After the first world war a new black radicalism emerged in the US, partly in response to the racism encountered by people emigrating to northern cities. These radicals rejected the passive and assimilationist politics of older organisations and made explicit links between class, race and capitalism. Race was central to their understandings of capitalism: it was a transnational term that linked slavery, colonialism, Jim Crow and capitalism. This was the context for black radical responses to the Russian revolution. Caribbean migrants were also centrally involved in the black socialist movement, and the pan-African internationalism of Garvey had some influence. For these radicals the racism of white workers was a serious impediment to class struggle, and black workers had an essential educational role to play in overcoming the limitations of their white colleagues.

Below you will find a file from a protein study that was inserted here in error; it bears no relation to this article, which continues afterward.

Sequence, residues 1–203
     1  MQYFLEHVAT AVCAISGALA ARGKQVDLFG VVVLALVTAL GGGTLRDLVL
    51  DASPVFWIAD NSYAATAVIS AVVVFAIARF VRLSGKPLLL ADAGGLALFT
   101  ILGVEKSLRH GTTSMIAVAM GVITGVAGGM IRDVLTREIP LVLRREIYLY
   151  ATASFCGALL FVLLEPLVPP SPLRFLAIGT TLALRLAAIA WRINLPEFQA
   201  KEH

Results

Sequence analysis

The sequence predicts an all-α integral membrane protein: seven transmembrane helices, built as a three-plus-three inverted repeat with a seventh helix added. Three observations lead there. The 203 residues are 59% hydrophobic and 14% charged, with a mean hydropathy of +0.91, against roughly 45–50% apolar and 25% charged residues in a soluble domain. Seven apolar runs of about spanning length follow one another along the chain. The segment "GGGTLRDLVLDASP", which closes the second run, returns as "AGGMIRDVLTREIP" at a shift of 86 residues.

|Journal||Soundings: A Journal of Politics and Culture|
|Publication status||Published - 30 Apr 2018|
Bibliographical noteCathy Bergin is a Senior Lecturer on the Humanities Programme at the University of Brighton. She is the author of Bitter with the Past, but Sweet with the Dream: Communism in the African American Imaginary (2015); African American Anti-Colonial Thought, 1917-1937 (2016); and ‘Reparative Histories: Radical Narratives of “Race” and Resistance’ (edited with Anita Rupprect) a special Issue of Race & Class (January 2016).
- black radicalism
- Russian Revolution
- Jim Crow